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What’s the Cash Diet? Paying with Cash Can Help You Save Money

July 16, 2018
cash diet

2 min read

What can you do if you overindulge your spending?

If you were indulging a bit too much in another area of your life, you would cut back. If you were eating too much, for example, you’d go on a diet.

Similarly, you can put your wallet on a diet, too—a cash diet.

What is the cash diet?

The cash diet concept is fairly simple: Instead of using credit cards or payment apps to make purchases, use cash.

“It’s the juice diet of the financial world,” Erin Lowry, founder of brokemillennial.com and author of ‘Broke Millennial Stop Scraping By and Get Your Financial Life Together’, tells Stash on a recent podcast episode.

The idea is that physically parting with cash has a bigger psychological impact than swiping a credit card or making a purchase online. Buying with cash, along with tracking your transactions, is a great way to get your spending under control, according to Lowry.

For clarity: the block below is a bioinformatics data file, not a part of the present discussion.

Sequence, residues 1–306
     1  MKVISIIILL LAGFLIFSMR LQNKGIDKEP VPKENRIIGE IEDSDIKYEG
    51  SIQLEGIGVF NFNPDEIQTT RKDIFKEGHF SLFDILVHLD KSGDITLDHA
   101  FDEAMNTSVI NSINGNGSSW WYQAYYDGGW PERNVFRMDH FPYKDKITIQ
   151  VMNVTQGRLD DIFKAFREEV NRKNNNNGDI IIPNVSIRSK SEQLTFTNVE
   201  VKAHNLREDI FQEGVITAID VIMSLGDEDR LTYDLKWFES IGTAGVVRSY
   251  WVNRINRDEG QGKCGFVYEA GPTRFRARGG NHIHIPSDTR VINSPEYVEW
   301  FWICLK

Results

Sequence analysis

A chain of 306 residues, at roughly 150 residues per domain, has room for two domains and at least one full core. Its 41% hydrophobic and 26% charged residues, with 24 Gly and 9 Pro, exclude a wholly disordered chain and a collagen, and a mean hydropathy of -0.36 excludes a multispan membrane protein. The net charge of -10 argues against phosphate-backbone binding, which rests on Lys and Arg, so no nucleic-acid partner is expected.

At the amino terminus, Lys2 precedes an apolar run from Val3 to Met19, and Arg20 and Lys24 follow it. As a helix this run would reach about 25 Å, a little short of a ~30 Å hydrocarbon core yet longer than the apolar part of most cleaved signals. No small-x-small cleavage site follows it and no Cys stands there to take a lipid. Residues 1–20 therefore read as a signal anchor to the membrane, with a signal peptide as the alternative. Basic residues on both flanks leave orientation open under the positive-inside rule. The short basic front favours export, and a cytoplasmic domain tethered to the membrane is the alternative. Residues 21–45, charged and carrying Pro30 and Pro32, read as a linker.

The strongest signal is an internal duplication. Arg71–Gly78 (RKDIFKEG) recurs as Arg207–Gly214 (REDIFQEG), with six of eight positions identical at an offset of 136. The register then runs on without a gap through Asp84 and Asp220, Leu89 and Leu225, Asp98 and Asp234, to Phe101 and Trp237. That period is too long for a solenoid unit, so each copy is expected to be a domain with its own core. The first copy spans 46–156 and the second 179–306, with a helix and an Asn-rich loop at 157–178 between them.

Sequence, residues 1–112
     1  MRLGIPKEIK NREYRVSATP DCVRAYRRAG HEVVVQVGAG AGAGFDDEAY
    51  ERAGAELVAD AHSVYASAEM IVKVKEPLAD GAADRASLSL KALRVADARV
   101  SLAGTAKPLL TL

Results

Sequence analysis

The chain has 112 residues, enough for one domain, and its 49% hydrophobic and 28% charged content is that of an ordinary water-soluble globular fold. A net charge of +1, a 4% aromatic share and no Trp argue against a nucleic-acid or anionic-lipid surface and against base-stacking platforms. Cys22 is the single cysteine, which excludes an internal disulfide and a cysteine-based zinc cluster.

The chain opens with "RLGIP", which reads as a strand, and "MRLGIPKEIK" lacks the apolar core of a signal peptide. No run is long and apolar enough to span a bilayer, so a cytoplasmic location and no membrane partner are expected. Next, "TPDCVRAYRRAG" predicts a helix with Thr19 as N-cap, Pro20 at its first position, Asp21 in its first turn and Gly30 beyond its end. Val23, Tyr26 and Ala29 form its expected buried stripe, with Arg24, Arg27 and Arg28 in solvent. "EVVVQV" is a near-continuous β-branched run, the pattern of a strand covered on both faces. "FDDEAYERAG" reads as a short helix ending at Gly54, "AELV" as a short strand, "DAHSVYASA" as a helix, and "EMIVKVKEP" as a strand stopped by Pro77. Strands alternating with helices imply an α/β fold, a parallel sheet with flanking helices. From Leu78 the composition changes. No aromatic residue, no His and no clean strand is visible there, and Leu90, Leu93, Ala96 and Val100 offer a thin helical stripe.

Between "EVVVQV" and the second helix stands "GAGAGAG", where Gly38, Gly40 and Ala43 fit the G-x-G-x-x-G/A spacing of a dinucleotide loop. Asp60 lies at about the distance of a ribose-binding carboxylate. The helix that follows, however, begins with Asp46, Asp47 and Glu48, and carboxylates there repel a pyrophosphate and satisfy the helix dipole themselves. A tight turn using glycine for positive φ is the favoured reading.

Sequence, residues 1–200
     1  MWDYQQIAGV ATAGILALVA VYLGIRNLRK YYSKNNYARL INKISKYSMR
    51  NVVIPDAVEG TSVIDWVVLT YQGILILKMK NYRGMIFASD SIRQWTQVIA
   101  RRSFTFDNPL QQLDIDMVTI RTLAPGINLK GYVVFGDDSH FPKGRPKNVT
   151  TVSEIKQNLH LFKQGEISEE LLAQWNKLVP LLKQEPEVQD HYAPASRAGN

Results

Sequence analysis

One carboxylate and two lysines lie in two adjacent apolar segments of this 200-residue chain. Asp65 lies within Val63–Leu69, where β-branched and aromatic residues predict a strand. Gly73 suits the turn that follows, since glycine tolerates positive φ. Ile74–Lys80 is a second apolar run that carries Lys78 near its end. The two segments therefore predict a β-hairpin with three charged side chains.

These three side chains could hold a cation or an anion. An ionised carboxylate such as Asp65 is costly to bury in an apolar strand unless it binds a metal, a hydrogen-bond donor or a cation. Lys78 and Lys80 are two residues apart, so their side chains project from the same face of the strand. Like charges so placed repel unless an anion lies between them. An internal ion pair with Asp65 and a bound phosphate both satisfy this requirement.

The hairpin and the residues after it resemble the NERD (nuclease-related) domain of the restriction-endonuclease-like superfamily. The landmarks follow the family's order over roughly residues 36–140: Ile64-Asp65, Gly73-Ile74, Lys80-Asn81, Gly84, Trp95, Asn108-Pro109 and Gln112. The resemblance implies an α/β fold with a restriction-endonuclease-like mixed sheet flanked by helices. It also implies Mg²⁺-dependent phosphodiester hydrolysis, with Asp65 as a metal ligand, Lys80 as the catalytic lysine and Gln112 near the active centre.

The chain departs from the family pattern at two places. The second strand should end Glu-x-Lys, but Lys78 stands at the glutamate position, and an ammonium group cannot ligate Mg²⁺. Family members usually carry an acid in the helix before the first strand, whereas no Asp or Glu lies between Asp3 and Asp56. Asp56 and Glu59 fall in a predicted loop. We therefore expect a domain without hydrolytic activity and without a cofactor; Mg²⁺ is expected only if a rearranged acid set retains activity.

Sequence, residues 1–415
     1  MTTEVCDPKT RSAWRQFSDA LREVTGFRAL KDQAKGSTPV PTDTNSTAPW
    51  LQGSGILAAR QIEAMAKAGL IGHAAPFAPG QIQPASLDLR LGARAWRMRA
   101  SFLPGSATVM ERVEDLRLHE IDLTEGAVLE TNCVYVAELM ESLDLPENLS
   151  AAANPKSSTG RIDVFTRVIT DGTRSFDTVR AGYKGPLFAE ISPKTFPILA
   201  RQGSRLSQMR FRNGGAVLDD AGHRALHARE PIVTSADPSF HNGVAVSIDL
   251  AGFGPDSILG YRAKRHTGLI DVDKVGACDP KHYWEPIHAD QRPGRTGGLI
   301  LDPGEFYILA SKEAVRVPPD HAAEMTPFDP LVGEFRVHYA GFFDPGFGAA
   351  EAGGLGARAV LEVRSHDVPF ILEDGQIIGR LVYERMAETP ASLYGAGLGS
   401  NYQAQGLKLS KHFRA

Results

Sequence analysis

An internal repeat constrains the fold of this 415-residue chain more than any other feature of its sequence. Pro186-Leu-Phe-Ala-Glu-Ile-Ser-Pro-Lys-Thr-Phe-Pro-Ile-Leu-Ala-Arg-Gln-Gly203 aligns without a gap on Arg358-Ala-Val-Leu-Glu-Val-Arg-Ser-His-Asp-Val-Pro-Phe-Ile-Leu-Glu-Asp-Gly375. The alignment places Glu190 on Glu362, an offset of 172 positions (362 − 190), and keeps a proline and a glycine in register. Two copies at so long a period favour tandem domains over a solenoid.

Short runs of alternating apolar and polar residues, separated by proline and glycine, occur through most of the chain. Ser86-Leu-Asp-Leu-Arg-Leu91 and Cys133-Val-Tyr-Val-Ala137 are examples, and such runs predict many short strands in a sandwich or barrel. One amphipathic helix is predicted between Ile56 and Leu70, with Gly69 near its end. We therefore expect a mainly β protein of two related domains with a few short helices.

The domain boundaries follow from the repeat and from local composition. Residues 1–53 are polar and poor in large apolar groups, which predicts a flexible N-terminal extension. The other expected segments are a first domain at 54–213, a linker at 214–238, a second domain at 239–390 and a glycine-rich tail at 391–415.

Here’s the cash diet in a nutshell:

The “Track Every Penny” method

It’s as simple as it gets, write down how you spend every cent. If you’re serious about getting your spending under control, this method, along with the cash diet, should help you make serious headway.

You can track your spending in any way you’d like, for example in a digital spreadsheet or in a pocket notebook. The key is recording everything, and not glossing over even the smallest purchases.

What about digital transactions?

You’ll still pay for some things without cash. That’s fine, as long as you remain mindful of those expenses, and track them like you would a cash transaction. Most people don’t use cash to pay larger bills—loan payments, rent, utilities, for example—anyway.

But when it comes to the smaller stuff? The cash diet can help you identify the weaknesses in your spending habits. And with the money you save, you can build up your emergency reserves, or even start investing.

And with Stash, all it takes is $5 to start investing.

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By Sam Becker
Sam Becker is Stash's financial writer.

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